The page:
Here’s a new thought experiment. Imagine that you tell a little girl - to be clear, I mean a young child who was born biologically female - from infancy that she is a boy. Have everyone around her tell her she is a boy. Never show her male genitals or let her see how little boys urinate. Since everyone from day one told her she is a boy, she will absolutely believe it, despite, perhaps some cultural stereotype clues that might make her question. If you ask her how she knows she is a boy, she won’t have a good answer, but will probably say that she just knows it. You will have gaslighted her into thinking she is a boy. Now one day, when puberty hits, you will be in a lot of trouble when the evidence of her true nature will be undeniable and obvious. Until then though, she will simply think she is a boy.
Getting out of the thought experiment, the reality is that some boys don’t fit in with other boys in terms of the societal notions of masculinity, or girls with notions of femininity. Some boys and girls will feel so out of place that they may question their gender. This is particularly true if they are surrounded by people who stick to the stereotypes, and don’t allow for variation. If an effeminate boy is given the message enough that only girls like Barbie dolls, or dress-up or playing tea party, etc., and if he likes all those things and is reasonably observant and intelligent enough to make the clear logical leap, he will likely conclude that he is really a girl. Thus, from very early on, he would feel that he is a girl because he doesn’t fit the definition society is presenting him for what a boy is and rather, he fits the definition for what a girl is. This feeling that he is a girl does not make him “trans,” but just shows that he is aware that he doesn’t fit cultural stereotypes.
Why don’t we just accept declarations of gender that oppose biology? Simple - because there is something called material reality. If we take it as a given that a boy who says he is a girl is a girl, we are messing with that reality. But I have another question: why does someone who “feels like a girl” need a “girl-appearing” body if being a “girl” has nothing to do with your body? Why must they match? The author of the article said nothing to answer that question. So, given how dangerous it is to mess with the delicate chemical balance of the body and how risky some of the transgender surgeries are, why is it so bad to hope that someone can live in the skin they were born in? This is not judgmental of people’s feelings at all, but is just paying deference to the importance of a healthy body. It is possible to respect someone’s feelings while still being concerned and not over-reacting to those feelings with rash medical treatments. Clearly since, according to the author, gender has nothing to do with a body, but is just a feeling, medicalization of gender doesn’t make a whole lot of sense, given the risks involved.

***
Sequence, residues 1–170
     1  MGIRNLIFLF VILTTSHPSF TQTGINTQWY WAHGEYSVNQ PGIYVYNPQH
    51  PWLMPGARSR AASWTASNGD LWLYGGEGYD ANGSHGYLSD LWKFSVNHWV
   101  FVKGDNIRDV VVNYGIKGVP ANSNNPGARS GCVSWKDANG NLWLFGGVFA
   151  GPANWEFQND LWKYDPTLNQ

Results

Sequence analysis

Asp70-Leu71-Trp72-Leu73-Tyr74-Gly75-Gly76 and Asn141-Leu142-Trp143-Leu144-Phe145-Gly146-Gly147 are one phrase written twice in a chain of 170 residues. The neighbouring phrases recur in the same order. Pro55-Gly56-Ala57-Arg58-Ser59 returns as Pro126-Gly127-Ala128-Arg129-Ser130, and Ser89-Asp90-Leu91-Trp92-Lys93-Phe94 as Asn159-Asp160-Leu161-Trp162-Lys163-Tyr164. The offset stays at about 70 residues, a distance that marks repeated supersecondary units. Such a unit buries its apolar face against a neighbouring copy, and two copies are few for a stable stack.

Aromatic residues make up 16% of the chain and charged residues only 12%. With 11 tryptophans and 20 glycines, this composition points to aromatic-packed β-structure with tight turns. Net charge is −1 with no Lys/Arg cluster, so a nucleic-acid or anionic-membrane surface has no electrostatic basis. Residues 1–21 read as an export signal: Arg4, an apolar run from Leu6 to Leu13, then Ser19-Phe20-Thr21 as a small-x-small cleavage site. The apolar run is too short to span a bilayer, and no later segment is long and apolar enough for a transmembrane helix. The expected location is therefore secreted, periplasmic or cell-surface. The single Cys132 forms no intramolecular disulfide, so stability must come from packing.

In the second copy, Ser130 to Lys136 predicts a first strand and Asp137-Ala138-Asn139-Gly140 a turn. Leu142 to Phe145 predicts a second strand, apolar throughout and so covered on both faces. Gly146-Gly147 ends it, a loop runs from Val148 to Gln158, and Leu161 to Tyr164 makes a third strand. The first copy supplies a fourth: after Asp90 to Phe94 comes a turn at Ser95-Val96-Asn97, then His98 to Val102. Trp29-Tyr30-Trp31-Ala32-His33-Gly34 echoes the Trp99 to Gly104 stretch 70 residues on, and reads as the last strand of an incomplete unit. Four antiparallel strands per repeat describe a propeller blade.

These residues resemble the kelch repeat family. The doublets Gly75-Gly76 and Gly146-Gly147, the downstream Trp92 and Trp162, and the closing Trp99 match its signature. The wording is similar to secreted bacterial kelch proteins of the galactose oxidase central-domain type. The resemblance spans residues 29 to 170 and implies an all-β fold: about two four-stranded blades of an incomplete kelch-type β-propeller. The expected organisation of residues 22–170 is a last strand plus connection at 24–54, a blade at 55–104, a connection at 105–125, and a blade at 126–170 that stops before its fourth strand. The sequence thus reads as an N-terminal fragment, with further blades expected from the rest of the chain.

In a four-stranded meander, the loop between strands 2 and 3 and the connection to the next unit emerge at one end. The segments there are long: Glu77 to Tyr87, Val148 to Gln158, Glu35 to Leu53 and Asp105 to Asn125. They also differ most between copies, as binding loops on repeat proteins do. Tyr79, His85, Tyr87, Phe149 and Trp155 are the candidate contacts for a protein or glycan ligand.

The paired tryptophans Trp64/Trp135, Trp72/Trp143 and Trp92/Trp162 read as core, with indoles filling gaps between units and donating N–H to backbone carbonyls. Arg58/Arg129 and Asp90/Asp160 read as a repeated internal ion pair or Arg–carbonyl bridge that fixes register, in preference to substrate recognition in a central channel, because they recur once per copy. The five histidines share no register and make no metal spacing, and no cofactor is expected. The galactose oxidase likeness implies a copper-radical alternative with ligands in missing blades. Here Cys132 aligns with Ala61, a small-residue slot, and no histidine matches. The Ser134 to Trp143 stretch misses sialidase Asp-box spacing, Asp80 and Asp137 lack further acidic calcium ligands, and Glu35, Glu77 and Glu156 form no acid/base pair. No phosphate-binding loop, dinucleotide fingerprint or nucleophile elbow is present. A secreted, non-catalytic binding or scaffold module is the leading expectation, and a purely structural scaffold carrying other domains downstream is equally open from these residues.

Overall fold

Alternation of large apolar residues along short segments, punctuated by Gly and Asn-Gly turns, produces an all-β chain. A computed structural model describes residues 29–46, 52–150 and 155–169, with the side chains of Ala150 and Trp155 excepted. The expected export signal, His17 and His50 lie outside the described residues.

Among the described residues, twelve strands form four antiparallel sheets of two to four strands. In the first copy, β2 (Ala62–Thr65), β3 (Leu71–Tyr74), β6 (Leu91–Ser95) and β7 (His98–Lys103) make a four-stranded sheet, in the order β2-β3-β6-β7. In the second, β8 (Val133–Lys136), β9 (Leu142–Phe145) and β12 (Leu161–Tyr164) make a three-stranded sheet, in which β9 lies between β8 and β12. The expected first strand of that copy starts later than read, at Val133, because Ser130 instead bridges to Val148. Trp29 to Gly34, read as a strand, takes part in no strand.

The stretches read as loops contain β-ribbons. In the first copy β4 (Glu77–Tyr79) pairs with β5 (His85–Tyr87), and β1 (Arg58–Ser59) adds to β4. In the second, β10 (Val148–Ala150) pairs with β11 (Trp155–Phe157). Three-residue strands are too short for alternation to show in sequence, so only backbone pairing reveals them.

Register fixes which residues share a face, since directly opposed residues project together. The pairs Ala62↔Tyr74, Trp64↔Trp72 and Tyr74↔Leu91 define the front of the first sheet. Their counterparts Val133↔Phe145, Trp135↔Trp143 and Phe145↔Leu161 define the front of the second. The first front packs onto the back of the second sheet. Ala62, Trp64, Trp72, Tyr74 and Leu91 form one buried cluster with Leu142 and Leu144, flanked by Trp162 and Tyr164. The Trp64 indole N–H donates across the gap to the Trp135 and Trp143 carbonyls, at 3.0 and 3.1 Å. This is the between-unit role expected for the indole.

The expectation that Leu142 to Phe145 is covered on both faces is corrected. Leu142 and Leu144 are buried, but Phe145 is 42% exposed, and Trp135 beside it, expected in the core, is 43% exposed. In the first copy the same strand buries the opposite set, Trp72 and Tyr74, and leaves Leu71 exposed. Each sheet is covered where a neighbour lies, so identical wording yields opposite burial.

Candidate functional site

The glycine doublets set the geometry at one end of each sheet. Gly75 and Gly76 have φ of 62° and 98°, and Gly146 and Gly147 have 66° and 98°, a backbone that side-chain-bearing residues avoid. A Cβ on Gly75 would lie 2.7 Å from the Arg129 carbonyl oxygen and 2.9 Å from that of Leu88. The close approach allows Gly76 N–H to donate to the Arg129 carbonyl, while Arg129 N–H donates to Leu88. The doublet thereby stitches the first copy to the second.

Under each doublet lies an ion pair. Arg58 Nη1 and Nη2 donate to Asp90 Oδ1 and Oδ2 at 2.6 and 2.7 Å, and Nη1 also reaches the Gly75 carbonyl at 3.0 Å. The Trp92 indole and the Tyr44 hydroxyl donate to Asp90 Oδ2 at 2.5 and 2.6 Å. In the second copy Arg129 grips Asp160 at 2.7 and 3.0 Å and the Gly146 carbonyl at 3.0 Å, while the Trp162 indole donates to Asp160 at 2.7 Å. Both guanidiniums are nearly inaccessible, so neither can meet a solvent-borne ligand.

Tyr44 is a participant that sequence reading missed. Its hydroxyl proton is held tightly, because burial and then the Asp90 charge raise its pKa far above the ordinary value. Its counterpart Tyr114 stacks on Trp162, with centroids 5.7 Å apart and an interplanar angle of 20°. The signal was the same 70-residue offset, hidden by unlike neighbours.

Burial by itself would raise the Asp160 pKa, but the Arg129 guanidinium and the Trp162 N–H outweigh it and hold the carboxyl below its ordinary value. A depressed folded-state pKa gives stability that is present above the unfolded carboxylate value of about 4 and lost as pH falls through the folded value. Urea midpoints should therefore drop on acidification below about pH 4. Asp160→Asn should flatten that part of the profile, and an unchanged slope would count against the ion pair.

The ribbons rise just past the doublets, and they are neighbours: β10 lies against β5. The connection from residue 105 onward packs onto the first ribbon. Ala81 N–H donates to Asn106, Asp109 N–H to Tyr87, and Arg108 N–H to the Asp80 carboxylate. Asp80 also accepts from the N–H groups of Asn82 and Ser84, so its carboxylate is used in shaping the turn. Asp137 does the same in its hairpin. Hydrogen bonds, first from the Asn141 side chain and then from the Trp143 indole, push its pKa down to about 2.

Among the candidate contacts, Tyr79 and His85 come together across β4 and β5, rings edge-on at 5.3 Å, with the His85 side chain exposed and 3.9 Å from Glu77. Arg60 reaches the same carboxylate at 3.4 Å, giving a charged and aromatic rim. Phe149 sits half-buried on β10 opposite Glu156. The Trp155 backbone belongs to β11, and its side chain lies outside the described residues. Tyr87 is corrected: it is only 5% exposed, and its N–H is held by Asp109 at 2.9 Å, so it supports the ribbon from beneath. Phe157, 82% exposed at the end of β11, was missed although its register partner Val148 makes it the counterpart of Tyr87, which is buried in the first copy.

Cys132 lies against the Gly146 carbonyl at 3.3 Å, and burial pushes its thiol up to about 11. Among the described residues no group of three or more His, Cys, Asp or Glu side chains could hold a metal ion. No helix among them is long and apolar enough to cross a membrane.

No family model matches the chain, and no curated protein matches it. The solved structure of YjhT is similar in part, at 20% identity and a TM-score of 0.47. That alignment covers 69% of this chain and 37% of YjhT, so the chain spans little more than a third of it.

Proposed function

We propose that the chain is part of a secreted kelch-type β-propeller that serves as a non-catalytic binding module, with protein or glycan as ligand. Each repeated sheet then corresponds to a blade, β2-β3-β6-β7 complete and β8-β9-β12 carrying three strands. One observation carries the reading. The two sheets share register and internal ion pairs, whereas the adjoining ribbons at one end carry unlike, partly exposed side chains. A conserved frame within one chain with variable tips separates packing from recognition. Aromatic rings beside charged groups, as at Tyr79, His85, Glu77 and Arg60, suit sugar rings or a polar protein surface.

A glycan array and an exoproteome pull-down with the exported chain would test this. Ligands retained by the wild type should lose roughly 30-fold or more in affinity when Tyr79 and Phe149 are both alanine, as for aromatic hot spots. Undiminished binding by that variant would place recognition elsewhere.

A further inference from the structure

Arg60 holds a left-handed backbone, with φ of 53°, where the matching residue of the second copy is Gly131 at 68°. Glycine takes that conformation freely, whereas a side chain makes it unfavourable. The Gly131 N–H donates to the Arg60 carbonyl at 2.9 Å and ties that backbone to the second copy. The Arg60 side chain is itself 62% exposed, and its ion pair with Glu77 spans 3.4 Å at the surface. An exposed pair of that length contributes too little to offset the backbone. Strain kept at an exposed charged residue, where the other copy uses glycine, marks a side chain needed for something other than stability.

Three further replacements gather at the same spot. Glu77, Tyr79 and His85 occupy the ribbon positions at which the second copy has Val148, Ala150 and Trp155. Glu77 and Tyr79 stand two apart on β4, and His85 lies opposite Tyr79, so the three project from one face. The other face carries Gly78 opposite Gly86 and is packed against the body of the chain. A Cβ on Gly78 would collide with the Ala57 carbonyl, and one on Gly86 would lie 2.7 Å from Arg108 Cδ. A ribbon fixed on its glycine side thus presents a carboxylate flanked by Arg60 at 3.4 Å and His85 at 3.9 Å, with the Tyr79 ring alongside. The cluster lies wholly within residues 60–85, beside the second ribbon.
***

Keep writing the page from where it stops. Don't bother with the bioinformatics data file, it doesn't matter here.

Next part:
Counterpoint 2: The author contends, through the construct of a thought experiment, that dropping into a wrong body would be distressing, and analogous to the feeling of being transgender. However, in no way would suddenly dropping into an altered body mimic thinking you were born in the wrong body. People don’t, without medical intervention, suddenly change appearance to that of the opposite sex—if that happened, it would be a very strange phenomenon indeed. Similarly, if you suddenly were a different race and much taller or much shorter, or your face was totally different, you would feel very weird indeed. However is in no way similar to saying you hate the body you were born in and must alter it to be happy. Also, if your body suddenly changed, society would not think you were unbalanced for feeling out of sorts because it would be a perfectly reasonable, rational response to a sudden body change—which is bizarre in terms of material reality. If you were born in a healthy body and insist that it is the wrong body, that is not similarly rational or reasonable. While most people at times wish their bodies or faces were different (I know I have), we try to come to accept a healthy body as it is and be happy with our appearance. To the extent that society tells us we should love the skin we’re in, that is because it is maladaptive to reject your healthy body.